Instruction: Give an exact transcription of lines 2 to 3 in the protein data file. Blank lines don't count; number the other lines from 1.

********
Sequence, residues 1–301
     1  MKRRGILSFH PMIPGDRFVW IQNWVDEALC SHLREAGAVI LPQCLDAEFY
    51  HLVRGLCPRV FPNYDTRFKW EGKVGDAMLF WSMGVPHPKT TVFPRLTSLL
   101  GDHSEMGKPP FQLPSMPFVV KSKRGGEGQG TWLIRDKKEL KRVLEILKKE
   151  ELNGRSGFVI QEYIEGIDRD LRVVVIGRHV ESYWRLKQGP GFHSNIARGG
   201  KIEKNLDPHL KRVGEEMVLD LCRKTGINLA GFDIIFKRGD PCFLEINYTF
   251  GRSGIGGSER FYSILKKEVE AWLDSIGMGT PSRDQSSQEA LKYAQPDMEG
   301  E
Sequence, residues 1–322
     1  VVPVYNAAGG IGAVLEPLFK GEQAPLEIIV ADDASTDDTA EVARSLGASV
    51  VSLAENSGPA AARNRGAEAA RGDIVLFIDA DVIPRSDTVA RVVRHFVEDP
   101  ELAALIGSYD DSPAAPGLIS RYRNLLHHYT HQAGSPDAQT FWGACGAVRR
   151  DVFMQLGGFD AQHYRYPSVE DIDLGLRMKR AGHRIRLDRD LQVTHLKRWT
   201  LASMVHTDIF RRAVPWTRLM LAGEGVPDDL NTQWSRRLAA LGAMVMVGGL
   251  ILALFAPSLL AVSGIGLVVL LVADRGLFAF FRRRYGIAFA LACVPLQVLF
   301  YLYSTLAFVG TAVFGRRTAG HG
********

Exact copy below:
     1  MKRRGILSFH PMIPGDRFVW IQNWVDEALC SHLREAGAVI LPQCLDAEFY
    51  HLVRGLCPRV FPNYDTRFKW EGKVGDAMLF WSMGVPHPKT TVFPRLTSLL